We obtained ethical approval from the ethical board at the Makerere University College of Health Sciences, the Uganda National Council of Science and technology, and Associate Director for Science at the United States, Centers for Disease Control & Prevention. All adult patients gave written informed consent before enrollment. Patients below 18 years assented and their consent was provided by guardians/parents.

Sampling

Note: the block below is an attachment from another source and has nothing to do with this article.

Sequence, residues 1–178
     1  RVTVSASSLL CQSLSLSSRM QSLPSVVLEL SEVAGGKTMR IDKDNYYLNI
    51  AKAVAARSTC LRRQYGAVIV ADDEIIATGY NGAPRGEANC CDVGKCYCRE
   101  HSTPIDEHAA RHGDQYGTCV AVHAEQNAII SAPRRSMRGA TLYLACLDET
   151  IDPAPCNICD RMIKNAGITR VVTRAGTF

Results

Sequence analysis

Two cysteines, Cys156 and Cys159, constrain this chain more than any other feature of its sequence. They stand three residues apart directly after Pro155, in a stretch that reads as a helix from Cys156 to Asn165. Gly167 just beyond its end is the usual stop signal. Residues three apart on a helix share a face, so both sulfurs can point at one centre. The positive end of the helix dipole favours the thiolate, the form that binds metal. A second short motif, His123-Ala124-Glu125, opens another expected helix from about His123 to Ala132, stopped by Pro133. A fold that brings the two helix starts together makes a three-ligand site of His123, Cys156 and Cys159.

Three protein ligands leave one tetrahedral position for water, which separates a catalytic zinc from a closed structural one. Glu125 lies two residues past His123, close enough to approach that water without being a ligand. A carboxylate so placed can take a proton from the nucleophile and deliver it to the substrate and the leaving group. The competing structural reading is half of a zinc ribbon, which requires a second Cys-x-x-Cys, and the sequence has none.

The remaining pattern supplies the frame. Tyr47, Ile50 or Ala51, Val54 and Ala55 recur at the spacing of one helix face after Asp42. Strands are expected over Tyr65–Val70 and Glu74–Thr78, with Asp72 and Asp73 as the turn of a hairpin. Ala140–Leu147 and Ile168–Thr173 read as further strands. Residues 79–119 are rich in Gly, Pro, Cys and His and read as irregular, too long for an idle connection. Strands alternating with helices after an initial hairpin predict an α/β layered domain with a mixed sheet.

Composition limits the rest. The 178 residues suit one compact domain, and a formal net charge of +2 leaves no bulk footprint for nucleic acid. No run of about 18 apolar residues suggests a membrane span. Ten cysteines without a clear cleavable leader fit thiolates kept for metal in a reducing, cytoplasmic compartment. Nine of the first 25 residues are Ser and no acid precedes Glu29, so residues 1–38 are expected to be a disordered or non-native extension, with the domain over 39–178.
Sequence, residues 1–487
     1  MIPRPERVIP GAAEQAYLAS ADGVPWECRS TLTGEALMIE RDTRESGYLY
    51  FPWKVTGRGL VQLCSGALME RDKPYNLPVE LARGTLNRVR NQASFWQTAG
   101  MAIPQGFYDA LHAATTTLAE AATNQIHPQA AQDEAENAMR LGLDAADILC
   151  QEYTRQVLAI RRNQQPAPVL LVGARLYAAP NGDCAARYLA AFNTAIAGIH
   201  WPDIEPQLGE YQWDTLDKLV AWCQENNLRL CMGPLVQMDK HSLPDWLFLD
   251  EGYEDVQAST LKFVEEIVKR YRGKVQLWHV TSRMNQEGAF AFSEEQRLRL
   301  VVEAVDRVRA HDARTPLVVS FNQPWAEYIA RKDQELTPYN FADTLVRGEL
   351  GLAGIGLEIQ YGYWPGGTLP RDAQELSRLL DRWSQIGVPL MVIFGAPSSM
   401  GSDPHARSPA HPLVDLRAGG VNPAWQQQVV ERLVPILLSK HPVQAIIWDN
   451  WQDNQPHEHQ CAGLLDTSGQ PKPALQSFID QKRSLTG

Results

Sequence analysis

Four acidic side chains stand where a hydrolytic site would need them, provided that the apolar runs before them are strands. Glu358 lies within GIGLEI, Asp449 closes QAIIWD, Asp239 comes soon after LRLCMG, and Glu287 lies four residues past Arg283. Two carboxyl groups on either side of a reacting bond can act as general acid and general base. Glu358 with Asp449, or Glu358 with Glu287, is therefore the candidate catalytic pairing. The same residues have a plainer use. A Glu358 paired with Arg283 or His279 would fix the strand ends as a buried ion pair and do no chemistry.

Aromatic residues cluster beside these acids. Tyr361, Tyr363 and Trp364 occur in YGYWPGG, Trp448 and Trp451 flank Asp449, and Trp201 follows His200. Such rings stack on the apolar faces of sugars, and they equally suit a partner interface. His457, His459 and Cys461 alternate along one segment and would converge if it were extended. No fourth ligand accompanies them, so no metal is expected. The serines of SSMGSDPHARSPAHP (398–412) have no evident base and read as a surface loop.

A cluster sampling method was used in which 30 clusters (primary sampling units) were selected randomly with probability proportional to the number of smear-positive TB patients registered in 2005. Within each cluster a fixed number of consecutively diagnosed smear-positive patients were enrolled so that all included patients had identical sampling probabilities (“self-weighted sampling design”) [18]. Four hundred and ninety eight public health facilities in Uganda had TB diagnostic and treatment centers in 2007. We used data reported in these facilities to determine the average number of TB patients diagnosed per facility. The sample size was based on the number of new sputum-smear positive TB cases notified through the National TB and Leprosy Control Program (NTLP) in 2007 (n = 20,559) and designed to detect an assumed rifampicin prevalence of 1.4% [15] with 1% absolute precision for a 95% confidence interval (CI). Assuming a design effect of 2, estimated losses due to contamination and negative cultures of 15%, the final sample size was 1500 new sputum smear-positive patients with each cluster required to enroll 50 patients within a year.